Obesity and Overweight – what do these new studies really mean?

Blogging on Peer-Reviewed ResearchMultiple news sources have been covering this recent article in JAMA (1) which provides epidemiological evidence that being overweight (but not obese) may decrease the risk of some illnesses, while not increasing one’s overall mortality from cardiovascular disease.

Given that we’ve talked about overweight and obesity recently on the blog, I think it’s worthwhile to go over these findings in context, and discuss what this paper, and related ones in the literature, actually mean in terms of our health.

Sorry, the news is not all good, you don’t want to start putting on the pounds, and the analysis so far in the MSM has been pretty shoddy.

As we discussed before on this topic, the issue that is not obvious in studies like this is that of primary versus secondary prevention. In a survey study like this, we’re not looking at a cohort that is truly controlled. Overweight is not being tested as a single variable, and the survey is of people who are of course getting treatment when they develop the morbidities that are known to be risks.

Better drugs, better control of co-morbidities of being overweight and obese, like Diabetes type II, hypercholesterolemia, and hypertension, all known risks of overweight and obesity, have drastically lowered the risk of mortality from being obese. There are also the confounding issues of low weight and weight-loss in the elderly often being associated with illness. So, while modern medicine has largely ameliorated the effects of overweight, that doesn’t mean that being overweight doesn’t put you at risk for a number of problems. The reason why we look at this study and don’t immediately say it’s OK to be overweight (even the author of the study makes a point of this in the WaPo article), is because we know that being overweight brings risks – treatable risks, but risks all the same. It’s interesting, buried inside the article you also see a major killer of normal weight individuals is injury – and this is much reduced for overweight and obese. Other studies have shown higher suicide and homicide rates in the normal weight population, so it’s definitely safer on the couch.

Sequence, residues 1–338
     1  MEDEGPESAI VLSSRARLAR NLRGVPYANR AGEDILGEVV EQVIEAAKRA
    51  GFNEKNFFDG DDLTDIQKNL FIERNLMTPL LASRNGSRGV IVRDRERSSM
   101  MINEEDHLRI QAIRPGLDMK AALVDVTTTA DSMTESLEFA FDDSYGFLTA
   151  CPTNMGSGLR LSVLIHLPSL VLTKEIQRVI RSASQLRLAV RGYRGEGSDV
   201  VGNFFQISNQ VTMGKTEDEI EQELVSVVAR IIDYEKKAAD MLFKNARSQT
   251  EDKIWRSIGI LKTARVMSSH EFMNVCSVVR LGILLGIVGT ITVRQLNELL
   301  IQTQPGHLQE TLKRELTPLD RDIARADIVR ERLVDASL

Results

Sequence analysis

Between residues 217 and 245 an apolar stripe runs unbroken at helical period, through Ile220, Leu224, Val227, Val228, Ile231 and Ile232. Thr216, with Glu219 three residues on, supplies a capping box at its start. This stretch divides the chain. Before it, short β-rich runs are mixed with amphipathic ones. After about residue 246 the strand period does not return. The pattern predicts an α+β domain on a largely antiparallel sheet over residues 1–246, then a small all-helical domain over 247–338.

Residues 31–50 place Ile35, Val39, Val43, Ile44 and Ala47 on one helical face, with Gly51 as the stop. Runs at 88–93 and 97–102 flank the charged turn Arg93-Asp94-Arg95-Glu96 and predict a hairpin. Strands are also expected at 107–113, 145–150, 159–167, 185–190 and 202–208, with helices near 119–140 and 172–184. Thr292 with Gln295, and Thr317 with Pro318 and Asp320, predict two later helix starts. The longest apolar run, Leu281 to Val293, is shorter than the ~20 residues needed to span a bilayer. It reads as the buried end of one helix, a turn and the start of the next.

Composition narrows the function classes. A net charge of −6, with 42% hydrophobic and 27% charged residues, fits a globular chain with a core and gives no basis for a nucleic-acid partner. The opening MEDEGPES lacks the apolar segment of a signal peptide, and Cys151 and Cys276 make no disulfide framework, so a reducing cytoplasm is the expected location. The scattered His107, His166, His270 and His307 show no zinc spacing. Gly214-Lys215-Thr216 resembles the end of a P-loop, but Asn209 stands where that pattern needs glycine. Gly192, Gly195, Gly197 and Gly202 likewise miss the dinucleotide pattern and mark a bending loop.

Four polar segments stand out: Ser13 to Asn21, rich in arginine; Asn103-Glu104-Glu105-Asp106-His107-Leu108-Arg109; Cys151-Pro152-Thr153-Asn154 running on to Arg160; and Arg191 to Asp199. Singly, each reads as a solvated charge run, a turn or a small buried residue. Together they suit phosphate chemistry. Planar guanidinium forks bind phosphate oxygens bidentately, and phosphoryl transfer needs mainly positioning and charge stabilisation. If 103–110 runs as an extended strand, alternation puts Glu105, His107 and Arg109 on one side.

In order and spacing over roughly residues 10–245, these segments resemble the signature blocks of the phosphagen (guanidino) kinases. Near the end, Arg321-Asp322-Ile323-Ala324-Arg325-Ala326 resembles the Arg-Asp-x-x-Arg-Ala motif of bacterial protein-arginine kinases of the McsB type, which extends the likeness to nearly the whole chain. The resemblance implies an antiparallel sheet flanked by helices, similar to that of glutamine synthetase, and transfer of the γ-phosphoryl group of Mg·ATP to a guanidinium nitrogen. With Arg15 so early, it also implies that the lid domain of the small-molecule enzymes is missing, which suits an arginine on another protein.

In fact, it’s unfortunate that more attention was not paid to the second article, which only gets brief mention in some of the articles. That is the effect of obesity on quality of life and disability(2), which consistent with previous studies (3), shows that while much of the mortality risk from hypertension and comorbidity can be controlled, other morbidities reduce quality of life significantly. They also show the longer you are overweight, the more morbidity you can look forward too.

The abstract from the JAMA article:

Results Among obese individuals, the prevalence of functional impairment increased 5.4% (from 36.8%-42.2%; P = .03) between the 2 surveys, and ADL [activities of daily living] impairment did not change. At time 1 (1988-1994), the odds of functional impairment for obese individuals were 1.78 times greater than for normal-weight individuals (95% confidence interval [CI], 1.47-2.16). At time 2 (1999-2004), this odds ratio increased to 2.75 (95% CI, 2.39-3.17), because the odds of functional impairment increased by 43% (OR 1.43; 95% CI, 1.18-1.75) among obese individuals during this period, but did not change among nonobese individuals. With respect to ADL impairment, odds for obese individuals were not significantly greater than for individuals with normal weight (OR, 1.31; 95% CI, 0.92-1.88) at time 1, but increased to 2.05 (95% CI, 1.45-2.88) at time 2. This was because the odds of ADL impairment did not change for obese individuals but decreased by 34% among nonobese individuals (OR, 0.66; 95% CI, 0.50-0.88).